Praise: Catching Teens Doing Something Right
Original photo by Joao Zanetti.
Working with loud, restless, adventurous youth is difficult—but I definitely prefer it to the alternative of working with silent, passive, unadventurous kids. I would rather try to calm a fanatic than raise a corpse any day!
It has been my experience that the teens who are creative enough to get into trouble are probably sharp enough to do something really significant with their lives.
These teens are often the ones most in need of discipline seasoned with praise.
A good way to motivate teens who have behavior problems is to give them recognition when they start doing well. Teens need to know that you appreciate their efforts. Simple matter-of-fact positive feedback will not embarrass most teens. It tells them you recognize their mature and responsible attitudes and actions.
The need for recognition is basic to every human being. It’s one of the driving forces that keeps us going and trying to do better. We especially want praise from people who are important to us.
Telling teens what they’ve done right is more important than telling them what they’ve done wrong.
Our society praises the four A’s: Appearance, Academics, Athletics, and the Arts.
I have no problem with praising teens for their efforts in these four areas. But I feel it is far more important to give teens positive feedback for character traits that will last a lifetime (courtesy, creativity, flexibility, generosity, honesty, kindness, patience, sincerity, just to name a few).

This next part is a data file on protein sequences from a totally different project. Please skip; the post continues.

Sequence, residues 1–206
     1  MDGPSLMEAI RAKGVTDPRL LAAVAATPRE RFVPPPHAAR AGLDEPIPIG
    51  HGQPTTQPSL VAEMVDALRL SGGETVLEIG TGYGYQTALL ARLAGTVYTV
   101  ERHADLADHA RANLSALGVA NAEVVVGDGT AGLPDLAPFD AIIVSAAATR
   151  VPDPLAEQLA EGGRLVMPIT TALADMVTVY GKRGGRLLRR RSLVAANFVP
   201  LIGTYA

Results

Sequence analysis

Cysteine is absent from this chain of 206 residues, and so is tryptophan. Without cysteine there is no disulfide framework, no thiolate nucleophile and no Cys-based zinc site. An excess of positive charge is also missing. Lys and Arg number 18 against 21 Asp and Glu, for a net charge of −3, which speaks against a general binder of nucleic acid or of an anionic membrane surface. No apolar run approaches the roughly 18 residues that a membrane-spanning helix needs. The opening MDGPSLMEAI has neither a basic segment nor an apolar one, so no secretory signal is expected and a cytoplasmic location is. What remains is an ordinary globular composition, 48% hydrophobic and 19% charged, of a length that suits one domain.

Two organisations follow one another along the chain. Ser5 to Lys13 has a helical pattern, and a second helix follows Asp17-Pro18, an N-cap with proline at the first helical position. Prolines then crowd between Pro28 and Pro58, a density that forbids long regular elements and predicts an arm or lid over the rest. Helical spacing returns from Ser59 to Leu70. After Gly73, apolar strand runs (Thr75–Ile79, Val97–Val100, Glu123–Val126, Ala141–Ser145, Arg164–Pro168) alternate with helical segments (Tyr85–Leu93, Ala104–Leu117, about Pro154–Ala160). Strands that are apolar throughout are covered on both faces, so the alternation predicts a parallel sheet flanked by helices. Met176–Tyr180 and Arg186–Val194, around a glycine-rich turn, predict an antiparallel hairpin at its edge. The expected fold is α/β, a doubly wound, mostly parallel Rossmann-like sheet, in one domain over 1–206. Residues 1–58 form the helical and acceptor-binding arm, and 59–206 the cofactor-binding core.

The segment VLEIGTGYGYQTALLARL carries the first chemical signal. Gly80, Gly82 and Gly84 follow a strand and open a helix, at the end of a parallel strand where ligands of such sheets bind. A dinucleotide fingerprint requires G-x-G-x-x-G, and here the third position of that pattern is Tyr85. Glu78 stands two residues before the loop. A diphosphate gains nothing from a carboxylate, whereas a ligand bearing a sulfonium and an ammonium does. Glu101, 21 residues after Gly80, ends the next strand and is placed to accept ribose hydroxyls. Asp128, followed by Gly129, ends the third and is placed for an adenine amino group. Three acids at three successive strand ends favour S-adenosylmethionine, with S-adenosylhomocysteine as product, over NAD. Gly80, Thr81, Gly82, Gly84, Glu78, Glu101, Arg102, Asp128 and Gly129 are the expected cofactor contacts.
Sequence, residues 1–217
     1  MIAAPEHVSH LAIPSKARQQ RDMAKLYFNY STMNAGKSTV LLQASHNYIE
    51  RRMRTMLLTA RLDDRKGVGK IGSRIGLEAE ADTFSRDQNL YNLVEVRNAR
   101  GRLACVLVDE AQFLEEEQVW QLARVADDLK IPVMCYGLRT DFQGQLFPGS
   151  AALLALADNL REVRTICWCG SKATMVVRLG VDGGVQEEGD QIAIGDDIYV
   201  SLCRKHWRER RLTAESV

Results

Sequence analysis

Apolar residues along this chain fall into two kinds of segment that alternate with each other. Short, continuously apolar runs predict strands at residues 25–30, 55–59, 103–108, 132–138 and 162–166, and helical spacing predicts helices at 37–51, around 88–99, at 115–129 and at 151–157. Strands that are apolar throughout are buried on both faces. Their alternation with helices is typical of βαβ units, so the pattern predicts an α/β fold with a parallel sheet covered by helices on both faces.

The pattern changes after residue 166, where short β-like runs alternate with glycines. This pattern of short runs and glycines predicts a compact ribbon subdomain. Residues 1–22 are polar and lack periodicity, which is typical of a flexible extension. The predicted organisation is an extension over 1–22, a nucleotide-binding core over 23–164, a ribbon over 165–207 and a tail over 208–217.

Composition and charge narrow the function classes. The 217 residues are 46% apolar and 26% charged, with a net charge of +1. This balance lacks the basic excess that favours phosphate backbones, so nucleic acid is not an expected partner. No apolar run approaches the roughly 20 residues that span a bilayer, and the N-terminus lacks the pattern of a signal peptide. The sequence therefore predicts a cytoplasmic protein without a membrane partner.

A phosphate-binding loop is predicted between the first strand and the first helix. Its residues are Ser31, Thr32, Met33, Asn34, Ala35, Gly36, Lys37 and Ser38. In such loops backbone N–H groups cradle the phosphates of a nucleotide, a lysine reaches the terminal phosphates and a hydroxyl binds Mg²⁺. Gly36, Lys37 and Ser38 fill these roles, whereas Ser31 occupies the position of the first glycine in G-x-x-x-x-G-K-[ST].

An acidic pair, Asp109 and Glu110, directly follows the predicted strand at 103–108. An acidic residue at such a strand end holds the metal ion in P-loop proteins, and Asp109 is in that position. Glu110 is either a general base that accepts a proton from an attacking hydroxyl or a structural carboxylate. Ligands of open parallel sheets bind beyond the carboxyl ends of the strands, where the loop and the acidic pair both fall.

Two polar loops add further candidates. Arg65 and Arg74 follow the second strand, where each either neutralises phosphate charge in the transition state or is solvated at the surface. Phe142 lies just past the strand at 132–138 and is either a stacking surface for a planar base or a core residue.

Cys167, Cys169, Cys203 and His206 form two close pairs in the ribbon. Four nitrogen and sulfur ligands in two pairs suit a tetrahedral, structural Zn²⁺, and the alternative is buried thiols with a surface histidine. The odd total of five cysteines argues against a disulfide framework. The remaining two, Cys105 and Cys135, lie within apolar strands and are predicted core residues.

There is no more meaningful motivator than praise. Former UCLA coach John Wooden, when asked how he motived his basketball players, said:
“I try to catch them doing something right.”
That’s good advice, even though this isn’t always easy in youth ministry.
It’s more important to recognize progress and not simply focus on the finished product. When you see your students making progress, tell them (and remind yourself) that God is at work in their lives, and you like what you see happening.
It’s important that your praise be specific.
Use brief, descriptive statements that tell teens the particular things you are affirming. Don’t just offer vague feedback telling them they did a nice job. In order for teens to repeat their good behavior, they need to know specifically what they have done right.
Though verbal praise is an effective reward, teens in general do not like to be singled out in front of their peers. They get embarrassed. They do not want appear as the “teacher’s pet.” You may want to praise a student privately.
On the flip side, beware of undeserved praise. Lavish compliments that are unmerited not only diminish praise’s value as a reward and motivator, but they’re also discouraging. If you praise everything a teen does, regardless of whether it represents real achievement, effort, or progress, you make her expect praise even when she does not deserve it.
Remember that effective praise must be sincere; teens can spot phony praise or fake flattery in an instant. Praise is like icing on a cake—too little and the cake is unappealing, but too much and the cake can be sickening.
Les Christie is the chair of the youth ministry department at William Jessup University. He is the author of 20 books and is an international speaker. He was the youth minister of one church for 22 years.
Disclaimer: The views and opinions expressed in the YS Blog are those of the authors and do not necessarily reflect the opinion or position of YS.